Monday, August 4, 2008

Maybe just one more?

It happens to the best of us. We’ve just worked a monster day, barely having time to stop for lunch and the end of the day just won’t arrive quickly enough. When we finally get home, we kick off the heels and open a bottle of red. “I’ll just have one glass” we mutter. But then no dinner cooking experience is complete without a glass of wine so we pour another. Dinner without wine just wouldn’t seem right so another is poured and before we know it, the bottle is empty. This is an all too common occurrence and even if you aren’t polishing off a bottle a night, do you really know the effect alcohol is having on your system?

Alcohol has been consumed by humans since pre-historic times[1] and is commonly used for a number of different hygienic, dietary, medicinal, religious, and recreational reasons. Ethanol, commonly known as alcohol, is a psychoactive drug that acts primarily upon the central nervous system altering brain function. The result of this promotes temporary changes in perception, mood, consciousness and behaviour. This is probably why most of us enjoy it so much. It provides a release from the day to day things we get caught up in and allows us to escape for a short space of time.

Recent studies suggest that drinking in moderation can have a range of positive health benefits such as a lower risk of heart attack[2], lower risk of diabetes[3], lower risk of Alzheimer's disease[4], reduced risk of stroke[5] and an increase in overall longevity[6]. The key to the benefits of alcohol is moderation. All of the above reported benefits have the potential to be reversed with excessive alcohol consumption. But does anyone really know what’s classified as moderate? US dietary guidelines defines moderate drinking as no more than 1 drink per day for women and no more than 2 drinks per day for men. And for all you clever thinkers, this does not mean that if you haven’t had a drink for 4 days that you can safely have 4 in one night.

It’s important to remember the role of the liver when it comes to alcohol consumption. A healthy liver should be able to process moderate amounts of alcohol with very little fuss. But when the liver is compromised (due to excessive alcohol, poor diet, stress, medications/drugs), it only makes sense that its capacity to function will also be compromised. Poor liver function can affect our health in a number of ways including hormonal imbalances, impaired digestive function, emotional disturbances and reduced energy levels. Sound familiar?

In order to maintain hormonal balance, the liver must process our hormones to be converted into other substances or, if no longer needed in the body, prepared for elimination. Speaking specifically of oestrogen, if the liver is not functioning at full speed, it can re-enter the circulation and cause an oestrogen dominant environment. This is where things like weight gain, fibroids, endometriosis, PMS, fluid retention, low libido, infertility and breast and uterine cancers can develop. Looking at this list, is that extra glass of red really that necessary?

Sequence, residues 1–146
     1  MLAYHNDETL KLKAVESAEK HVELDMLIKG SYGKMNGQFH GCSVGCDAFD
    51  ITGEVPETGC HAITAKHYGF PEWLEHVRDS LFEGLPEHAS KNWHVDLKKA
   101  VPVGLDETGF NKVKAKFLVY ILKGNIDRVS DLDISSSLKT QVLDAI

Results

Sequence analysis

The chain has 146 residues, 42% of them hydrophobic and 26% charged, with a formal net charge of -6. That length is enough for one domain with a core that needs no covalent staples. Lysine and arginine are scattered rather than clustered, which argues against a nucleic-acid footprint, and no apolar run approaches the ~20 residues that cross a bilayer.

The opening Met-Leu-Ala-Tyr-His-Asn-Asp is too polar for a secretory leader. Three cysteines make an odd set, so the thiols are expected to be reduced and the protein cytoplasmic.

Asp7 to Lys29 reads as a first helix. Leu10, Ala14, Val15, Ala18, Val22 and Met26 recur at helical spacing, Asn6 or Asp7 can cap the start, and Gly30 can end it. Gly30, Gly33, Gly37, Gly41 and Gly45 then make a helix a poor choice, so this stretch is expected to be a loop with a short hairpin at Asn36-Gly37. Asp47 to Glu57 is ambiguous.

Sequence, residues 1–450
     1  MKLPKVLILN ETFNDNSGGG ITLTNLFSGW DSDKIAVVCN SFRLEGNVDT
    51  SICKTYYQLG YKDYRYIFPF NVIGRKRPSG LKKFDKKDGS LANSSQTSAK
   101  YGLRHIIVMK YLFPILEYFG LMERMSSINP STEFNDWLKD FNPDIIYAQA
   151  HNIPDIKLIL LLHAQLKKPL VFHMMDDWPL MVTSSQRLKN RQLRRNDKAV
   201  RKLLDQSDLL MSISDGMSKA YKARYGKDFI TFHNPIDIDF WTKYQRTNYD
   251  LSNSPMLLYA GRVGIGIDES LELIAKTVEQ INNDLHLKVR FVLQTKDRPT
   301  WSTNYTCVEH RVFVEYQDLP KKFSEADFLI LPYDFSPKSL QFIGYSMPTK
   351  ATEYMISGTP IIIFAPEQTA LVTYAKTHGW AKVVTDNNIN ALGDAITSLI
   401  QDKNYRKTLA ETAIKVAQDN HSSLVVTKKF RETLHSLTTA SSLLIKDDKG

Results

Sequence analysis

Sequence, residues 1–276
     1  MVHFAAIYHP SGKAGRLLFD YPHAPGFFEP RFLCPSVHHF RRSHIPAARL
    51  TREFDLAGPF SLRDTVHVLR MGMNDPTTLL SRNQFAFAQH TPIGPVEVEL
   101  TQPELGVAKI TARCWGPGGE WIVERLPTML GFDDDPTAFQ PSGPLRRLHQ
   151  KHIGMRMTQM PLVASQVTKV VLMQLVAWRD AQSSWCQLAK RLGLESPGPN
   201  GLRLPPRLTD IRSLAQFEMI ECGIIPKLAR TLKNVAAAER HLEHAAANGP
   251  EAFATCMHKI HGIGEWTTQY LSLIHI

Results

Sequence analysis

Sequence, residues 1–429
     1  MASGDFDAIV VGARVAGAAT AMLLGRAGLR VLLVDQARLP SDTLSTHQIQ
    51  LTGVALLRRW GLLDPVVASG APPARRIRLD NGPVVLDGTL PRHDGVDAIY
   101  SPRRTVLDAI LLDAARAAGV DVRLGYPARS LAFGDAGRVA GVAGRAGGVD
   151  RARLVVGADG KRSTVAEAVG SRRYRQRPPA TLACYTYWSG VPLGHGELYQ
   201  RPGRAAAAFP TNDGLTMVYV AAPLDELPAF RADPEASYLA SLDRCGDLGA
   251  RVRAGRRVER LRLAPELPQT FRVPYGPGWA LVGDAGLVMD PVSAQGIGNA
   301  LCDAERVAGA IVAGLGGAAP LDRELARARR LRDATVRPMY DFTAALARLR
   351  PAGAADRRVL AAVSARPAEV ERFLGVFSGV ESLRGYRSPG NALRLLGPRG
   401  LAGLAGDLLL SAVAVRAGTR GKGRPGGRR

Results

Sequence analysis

Drinking has long been associated with weight gain and it is the effect alcohol has on blood sugar levels that is a major concern. Alcohol does not supply any essential nutrients and our body uses the calories alcohol provides as energy. In small amounts this is fine but what is not immediately used for energy production will be stored as fat. If you haven't eaten for a while, your body uses its liver stores of glucose for energy. When these stores are used up, the liver makes glucose from other sources. However, alcohol inhibits the liver from making glucose, so if you haven't eaten, you run the risk of low blood glucose (hypoglycemia). In fact, the glucose-lowering action of alcohol can last 8 to 12 hours after you had your last drink[7]. When our blood sugar levels get too low, we start craving carbs and sweet things to boost those levels back up. So begins the vicious cycle of snacking on the wrong foods, which further alters blood sugar regulation and contributes to weight gain.

Dietary factors need to be taken into consideration when looking at the effect of alcohol. Alcohol inhibits the breakdown of nutrients into beneficial molecules by reducing the secretion of digestive enzymes from the pancreas. It impairs nutrient absorption by damaging the cells lining the stomach and intestines and disabling transport of some nutrients into the blood. All that hard work we put into making sure we eat the right foods is suddenly coming undone.

While it may not be possible to remove all toxic substances from our diet and environment, making a conscious effort to limit alcohol consumption is a great start. Set a goal and stick to it. It might be to not have more than 2 drinks a week or better still, plan to have an alcohol free month. The difference in how you feel and how your body functions will be amazing. Seriously, when was the last time you went that long without a drink? Feel empowered by proving that you can do it and reward your self with a massage once you have made it through the month. Because, you deserve it.

[1] http://e85.whipnet.net/ethanol.history/index.html
[2] http://www.aheartylife.com/
[3] http://www.ncbi.nlm.nih.gov/pubmed/15161790?dopt=Abstract
[4] http://www.serials.cib.unibo.it/
[5] http://stroke.ahajournals.org/
[6] http://ije.oxfordjournals.org/cgi/content/full/34/1/199
[7] http://www.abbottdiabetescare.com/